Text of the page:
Symptom: Clinginess or “Shadowing”
Certified pet dog trainer Andrea Arden, director of Andrea Arden Dog Training and guest on Animal Planet’s Underdog to Wonderdog, Dogs101, and Cats101, says a dog in a shelter is "presumably surrounded by staff, volunteers and other animals during the day, and other animals at night. So many recently adopted dogs are not used to being alone and this may add to their inclination to shadow one or more family members.”
Arden suggests that when a dog is attached to a particular member of the family, have a different family member handle the feeding, walking, and training for a while. Also, use “feeding toys” that give the dog the feeling they are acquiring their food independently.
These little things encourage the dog to detach from their favored human.
Temporary gates also help. While you’re doing laundry or watching TV, confine your dog to a certain room or area of the house away from their favorite person. Even if they still see you, they learn they cannot stay at your side every moment.
Little by little, increase the time they are separated from you.
Symptom: Destructive Behavior
When left alone, a dog with separation anxiety is uneasy and bored. They occupy themselves by chewing up things, scratching and tearing at pillows and furniture, and making a mess out of the trash bin.
Give your dog something to do with their time while you’re gone, such as the aforementioned feeding toys or puzzle toys. These provide a “job” for your dog and give them much-needed mental stimulation.
Research the best interactive toys and puzzles for dogs with anxiety and pick out one that's best for your dog.
Hide toys with treats in them around the house before you leave so the dog has something to do. This also supports their natural hunting instincts. Fill a Kong toy with treats or peanut butter that takes time to finish off.
Staff at Lucky Dog Animal Rescue in Arlington, Virginia tout the benefits of exercise in addressing canine anxiety:
“Establish an exercise routine that provides both physical exercise and mental stimulation. Exercise helps to dissipate anxiety and is a constructive interaction between you and your dog. Teaching your dog to play fetch is a great way to burn a ton of energy in a relatively short amount of time.”
Symptom: Pacing, Whining, Blocking
A dog with separation anxiety transfers their fear of abandonment to all humans. It could be due to a past trauma, or it may just be the animal's natural fear of losing his home and family. When you leave, the dog doesn’t understand that you are returning.
Don’t make a big deal about leaving. Your dog picks up on cues that tell them you’re going somewhere. Be calm. Don’t rush around or give them a lot of attention -- negative or positive -- right before going out the door.
Desensitize them to signals like keys jingling, making coffee, or putting on your coat. Do these things throughout the day and not go anywhere. Eventually, the dog no longer associates those cues with you leaving.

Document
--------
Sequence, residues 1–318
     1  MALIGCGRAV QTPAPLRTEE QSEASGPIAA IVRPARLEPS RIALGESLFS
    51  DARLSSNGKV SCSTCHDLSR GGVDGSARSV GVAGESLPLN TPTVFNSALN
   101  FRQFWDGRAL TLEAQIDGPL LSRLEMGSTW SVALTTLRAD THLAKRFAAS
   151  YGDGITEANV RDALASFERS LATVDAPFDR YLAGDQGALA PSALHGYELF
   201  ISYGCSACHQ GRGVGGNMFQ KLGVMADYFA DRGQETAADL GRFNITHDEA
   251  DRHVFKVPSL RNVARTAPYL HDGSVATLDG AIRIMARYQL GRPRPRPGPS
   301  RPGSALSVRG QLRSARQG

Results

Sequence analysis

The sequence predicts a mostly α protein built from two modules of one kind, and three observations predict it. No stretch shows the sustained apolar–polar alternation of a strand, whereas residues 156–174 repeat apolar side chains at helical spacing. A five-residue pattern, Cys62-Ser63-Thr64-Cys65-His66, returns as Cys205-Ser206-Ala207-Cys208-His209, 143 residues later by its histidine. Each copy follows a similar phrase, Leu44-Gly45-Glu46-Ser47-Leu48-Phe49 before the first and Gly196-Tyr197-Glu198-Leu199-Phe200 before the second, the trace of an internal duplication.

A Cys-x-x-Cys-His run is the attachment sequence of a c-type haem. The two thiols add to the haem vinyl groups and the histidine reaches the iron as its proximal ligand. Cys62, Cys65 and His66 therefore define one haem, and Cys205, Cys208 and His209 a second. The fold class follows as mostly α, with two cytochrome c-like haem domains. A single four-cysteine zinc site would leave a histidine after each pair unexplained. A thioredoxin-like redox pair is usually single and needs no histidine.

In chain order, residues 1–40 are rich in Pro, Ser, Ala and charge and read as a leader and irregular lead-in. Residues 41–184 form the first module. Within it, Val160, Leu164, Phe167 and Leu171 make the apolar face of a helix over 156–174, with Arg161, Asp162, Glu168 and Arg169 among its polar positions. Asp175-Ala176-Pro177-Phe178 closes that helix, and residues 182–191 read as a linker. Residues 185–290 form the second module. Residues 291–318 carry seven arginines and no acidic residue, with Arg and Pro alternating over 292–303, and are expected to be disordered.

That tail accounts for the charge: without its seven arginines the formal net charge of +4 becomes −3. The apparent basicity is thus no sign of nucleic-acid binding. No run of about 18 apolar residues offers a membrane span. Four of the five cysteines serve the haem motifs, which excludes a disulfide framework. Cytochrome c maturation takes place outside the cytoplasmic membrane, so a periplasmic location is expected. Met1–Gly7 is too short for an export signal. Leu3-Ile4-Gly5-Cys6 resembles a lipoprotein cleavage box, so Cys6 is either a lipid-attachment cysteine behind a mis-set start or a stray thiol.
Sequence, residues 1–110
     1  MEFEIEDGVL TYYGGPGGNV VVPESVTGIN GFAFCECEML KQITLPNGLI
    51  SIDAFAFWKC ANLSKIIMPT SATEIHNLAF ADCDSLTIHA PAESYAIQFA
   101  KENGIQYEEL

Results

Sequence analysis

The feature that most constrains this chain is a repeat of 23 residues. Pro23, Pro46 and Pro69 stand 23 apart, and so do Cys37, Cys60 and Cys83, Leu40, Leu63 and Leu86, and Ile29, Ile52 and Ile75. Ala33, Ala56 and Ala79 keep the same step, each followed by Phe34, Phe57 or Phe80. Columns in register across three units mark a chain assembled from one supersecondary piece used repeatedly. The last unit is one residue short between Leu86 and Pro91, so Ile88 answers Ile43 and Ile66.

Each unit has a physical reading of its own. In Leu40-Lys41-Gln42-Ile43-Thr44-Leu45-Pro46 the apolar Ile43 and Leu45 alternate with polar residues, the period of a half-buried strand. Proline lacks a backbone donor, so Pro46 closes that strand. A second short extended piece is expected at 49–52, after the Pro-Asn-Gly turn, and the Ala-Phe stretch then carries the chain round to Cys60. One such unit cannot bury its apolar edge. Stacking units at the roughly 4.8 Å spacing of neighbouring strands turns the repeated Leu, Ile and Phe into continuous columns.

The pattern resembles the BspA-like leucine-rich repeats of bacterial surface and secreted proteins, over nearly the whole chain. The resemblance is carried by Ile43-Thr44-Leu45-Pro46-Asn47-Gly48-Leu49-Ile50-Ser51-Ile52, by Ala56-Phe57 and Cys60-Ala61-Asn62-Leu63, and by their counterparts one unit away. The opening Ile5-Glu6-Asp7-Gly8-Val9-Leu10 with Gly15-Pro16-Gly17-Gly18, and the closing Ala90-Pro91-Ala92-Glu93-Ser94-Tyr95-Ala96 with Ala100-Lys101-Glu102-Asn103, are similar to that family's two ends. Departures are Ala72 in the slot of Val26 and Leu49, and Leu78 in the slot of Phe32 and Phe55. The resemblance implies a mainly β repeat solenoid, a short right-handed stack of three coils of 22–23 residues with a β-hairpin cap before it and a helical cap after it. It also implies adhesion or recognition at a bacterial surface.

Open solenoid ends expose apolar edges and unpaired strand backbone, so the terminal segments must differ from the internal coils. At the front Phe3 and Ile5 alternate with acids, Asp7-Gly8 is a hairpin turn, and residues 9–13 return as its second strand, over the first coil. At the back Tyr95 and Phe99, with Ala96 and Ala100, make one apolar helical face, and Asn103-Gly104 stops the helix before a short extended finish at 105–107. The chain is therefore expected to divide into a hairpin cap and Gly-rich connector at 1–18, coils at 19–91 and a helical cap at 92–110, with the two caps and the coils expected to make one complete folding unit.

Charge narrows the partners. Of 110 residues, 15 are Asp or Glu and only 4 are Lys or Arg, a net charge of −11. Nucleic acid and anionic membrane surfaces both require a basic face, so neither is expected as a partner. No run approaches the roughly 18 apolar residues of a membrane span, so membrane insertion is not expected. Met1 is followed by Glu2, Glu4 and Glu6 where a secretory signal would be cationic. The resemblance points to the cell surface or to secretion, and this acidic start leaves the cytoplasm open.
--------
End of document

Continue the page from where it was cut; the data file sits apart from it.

If you know you have to leave them for a long period, prepare beforehand by leaving them for shorter periods and gradually increasing the period of absence. If possible, have someone check on them during the day or use a pet cam.
When you come home, remain calm. Don’t allow them to grab your attention right away. They are excited you’re home but ignore their behavior until they become calm. When they reach that desired state, reward them.
If you are unable to leave your dog outside while you’re gone, they may feel overwhelmed by having the run of the whole house.
To overcome this, start by confining them to a smaller room or using a gate to keep them from certain areas of the house. A smaller boundary gives them a greater sense of security.
If that is still too much for them, give them proper crate training. Dogs are den animals and prefer a small, protected area where they feel safe. Provide a crate that is inviting, comfortable, and instills a sense of security.
Be careful not to force them into the crate because they may have experienced trauma associated with such an object. Go slowly and observe your dog’s reactions.
Symptom: Whimpering and Whining at Night
Nighttime is especially triggering for a dog with separation anxiety. As Arden points out, they are around other humans and animals at night in the shelter. The shelter also most likely has many sounds and activities. Your home is probably much quieter. The silence is disquieting to them.
Give them a calming dog bed. The bed is comfortable and allows them to sink into it and surrounds them with bolstered sides and faux fur. It provides a sense of security and comfort.
Play “white noise” to soothe them. Try free apps that play various sounds or turn on a radio or TV on low volume. Some dogs respond well to classical music. And, no, it's not just the "longhair" breeds.
Separation anxiety isn’t cured overnight. The "3-3-3 Rule" says it takes three days for the dog to test things out, three weeks to become used to the routine, and three months before they are completely comfortable.
This rule doesn’t take into account extenuating circumstances and particularly severe separation anxiety. Every dog is different and requires patience and understanding.
Who's the Real Hero
Separation anxiety in rescue dogs is a serious and complicated issue that can be resolved with a lot of patience and a lot of love. Be prepared and open to dealing with whatever their issues are. There are resources, toys, and training techniques available to give you and your dog peace of mind when you are apart.
If you adopt one of these animals in need, you likely have a special place in your heart that only this dog fills. They've been abandoned before, so you don't want to let them down. Taking them into your home makes you their hero.
The question is, did you save them or did they save you?